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Haskell GraphQL library
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Build GraphQL APIs with your favourite functional language!

Morpheus GraphQL (Server & Client) helps you to build GraphQL APIs in Haskell with native haskell types. Morpheus will convert your haskell types to a GraphQL schema and all your resolvers are just native Haskell functions. Mopheus GraphQL can also convert your GraphQL Schema or Query to Haskell types and validate them in compile time.

Morpheus is still in an early stage of development, so any feedback is more than welcome, and we appreciate any contribution! Just open an issue here on GitHub, or join our Slack channel to get in touch.

Getting Started


To get started with Morpheus, you first need to add it to your project's dependencies, as follows (assuming you're using hpack):


  - morpheus-graphql

Additionally, you should tell stack which version to pick:


resolver: lts-12.0 # or greater
  - megaparsec-7.0.5
  - morpheus-graphql-0.1.1

As Morpheus is quite new, make sure stack can find morpheus-graphql by running stack update

Building your first GrqphQL API

To define a GraphQL API with Morpheus we start by defining the API Schema as a native Haskell data type, which derives the Generic typeclass. Lazily resolvable fields on this Query type are defined via a -> ResM b, representing resolving a set of arguments a to a concrete value b.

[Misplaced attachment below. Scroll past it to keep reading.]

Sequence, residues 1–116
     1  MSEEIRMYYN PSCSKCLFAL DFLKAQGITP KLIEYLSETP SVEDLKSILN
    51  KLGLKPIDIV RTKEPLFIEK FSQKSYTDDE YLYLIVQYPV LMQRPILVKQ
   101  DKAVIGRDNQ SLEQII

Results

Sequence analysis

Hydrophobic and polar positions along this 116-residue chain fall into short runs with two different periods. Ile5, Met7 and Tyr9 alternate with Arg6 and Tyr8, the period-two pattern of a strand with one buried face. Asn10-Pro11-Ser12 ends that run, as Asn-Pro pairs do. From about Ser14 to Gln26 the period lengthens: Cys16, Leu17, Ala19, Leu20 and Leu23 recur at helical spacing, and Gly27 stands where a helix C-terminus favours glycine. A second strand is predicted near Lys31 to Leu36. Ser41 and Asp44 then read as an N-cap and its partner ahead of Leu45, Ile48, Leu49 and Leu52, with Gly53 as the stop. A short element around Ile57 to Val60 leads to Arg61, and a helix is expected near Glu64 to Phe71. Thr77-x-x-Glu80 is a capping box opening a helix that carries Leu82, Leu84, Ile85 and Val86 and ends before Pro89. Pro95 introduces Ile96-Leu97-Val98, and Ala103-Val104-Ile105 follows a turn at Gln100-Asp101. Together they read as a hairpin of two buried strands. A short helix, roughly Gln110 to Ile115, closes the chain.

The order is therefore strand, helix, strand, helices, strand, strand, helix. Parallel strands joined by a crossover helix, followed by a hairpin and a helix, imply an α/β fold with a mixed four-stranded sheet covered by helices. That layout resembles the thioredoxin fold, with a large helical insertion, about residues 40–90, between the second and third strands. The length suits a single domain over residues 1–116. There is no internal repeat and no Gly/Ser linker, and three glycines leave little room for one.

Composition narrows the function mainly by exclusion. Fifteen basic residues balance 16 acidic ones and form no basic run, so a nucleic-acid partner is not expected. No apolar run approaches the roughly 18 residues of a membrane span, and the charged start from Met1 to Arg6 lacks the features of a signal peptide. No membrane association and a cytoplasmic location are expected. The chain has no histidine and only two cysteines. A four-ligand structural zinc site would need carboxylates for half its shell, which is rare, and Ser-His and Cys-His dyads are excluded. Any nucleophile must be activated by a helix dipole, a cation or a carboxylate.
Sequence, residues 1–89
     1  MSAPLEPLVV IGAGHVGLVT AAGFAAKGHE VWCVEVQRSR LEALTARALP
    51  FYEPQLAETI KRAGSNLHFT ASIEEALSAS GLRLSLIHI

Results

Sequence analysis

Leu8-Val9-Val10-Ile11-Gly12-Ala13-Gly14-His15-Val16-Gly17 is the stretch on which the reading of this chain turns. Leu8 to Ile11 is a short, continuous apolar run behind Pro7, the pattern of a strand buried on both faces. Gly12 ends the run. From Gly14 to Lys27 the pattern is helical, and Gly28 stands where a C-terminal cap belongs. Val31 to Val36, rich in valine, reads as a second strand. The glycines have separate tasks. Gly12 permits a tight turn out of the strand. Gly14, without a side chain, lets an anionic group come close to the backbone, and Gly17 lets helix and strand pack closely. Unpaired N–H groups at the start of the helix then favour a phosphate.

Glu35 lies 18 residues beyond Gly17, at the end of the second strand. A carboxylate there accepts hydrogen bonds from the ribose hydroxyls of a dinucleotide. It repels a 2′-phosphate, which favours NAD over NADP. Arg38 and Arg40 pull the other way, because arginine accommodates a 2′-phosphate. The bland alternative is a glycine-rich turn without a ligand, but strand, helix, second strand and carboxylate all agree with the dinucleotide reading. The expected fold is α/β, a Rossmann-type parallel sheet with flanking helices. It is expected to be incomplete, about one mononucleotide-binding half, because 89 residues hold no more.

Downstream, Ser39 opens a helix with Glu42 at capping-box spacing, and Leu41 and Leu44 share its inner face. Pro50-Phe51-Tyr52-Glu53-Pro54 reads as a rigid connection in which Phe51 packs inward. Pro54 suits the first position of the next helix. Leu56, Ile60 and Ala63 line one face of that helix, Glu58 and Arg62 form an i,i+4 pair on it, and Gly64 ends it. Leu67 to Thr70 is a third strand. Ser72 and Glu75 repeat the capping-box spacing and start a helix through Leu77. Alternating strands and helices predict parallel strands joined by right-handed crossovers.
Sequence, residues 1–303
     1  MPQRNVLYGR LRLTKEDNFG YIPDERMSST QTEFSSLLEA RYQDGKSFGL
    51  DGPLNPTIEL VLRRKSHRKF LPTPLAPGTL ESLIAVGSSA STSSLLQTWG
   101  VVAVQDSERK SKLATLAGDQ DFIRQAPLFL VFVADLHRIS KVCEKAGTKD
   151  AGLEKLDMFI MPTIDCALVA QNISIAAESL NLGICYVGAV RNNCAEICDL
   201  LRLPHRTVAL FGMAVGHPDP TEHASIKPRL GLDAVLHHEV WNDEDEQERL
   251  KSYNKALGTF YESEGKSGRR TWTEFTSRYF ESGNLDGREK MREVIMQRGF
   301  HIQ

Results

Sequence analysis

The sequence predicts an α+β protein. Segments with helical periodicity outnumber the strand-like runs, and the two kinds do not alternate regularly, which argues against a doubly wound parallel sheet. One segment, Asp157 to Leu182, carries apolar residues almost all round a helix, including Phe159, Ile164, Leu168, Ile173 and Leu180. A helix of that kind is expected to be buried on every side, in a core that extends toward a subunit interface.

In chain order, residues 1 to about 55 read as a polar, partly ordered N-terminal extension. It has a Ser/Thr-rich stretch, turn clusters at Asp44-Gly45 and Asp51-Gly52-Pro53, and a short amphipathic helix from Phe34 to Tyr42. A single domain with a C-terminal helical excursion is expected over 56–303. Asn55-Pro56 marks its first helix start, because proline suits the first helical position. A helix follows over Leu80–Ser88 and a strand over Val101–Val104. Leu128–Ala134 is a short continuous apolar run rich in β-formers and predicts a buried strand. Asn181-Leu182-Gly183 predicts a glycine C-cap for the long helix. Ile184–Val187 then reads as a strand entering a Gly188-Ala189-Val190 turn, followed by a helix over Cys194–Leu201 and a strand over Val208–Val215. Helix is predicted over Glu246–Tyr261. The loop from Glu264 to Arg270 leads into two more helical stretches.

data Query = Query
  { deity :: DeityArgs -> ResM Deity
  } deriving (Generic)

data Deity = Deity
  { fullName :: Text         -- Non-Nullable Field
  , power    :: Maybe Text   -- Nullable Field
  } deriving (Generic, GQLType)

type instance KIND Deity = OBJECT

data DeityArgs = DeityArgs
  { name      :: Text        -- Required Argument
  , mythology :: Maybe Text  -- Optional Argument
  } deriving (Generic)

For each field in the Query type defined via a -> ResM b (like deity) we will define a resolver implementation that provides the values during runtime by referring to some data source, e.g. a database or another API. Fields that are defined without a -> ResM b you can just provide a value.

In above example, the field of DeityArgs could also be named using reserved identities (such as: type, where, etc), in order to avoid conflict, a prime symbol (') must be attached. For example, you can have:

data DeityArgs = DeityArgs
  { name      :: Text        -- Required Argument
  , mythology :: Maybe Text  -- Optional Argument
  , type'     :: Text
  } deriving (Generic)

The field name in the final request will be type instead of type'. The Morpheus request parser converts each of the reserved identities in Haskell 2010 to their corresponding names internally. This also applies to selections.

resolveDeity :: DeityArgs -> ResM Deity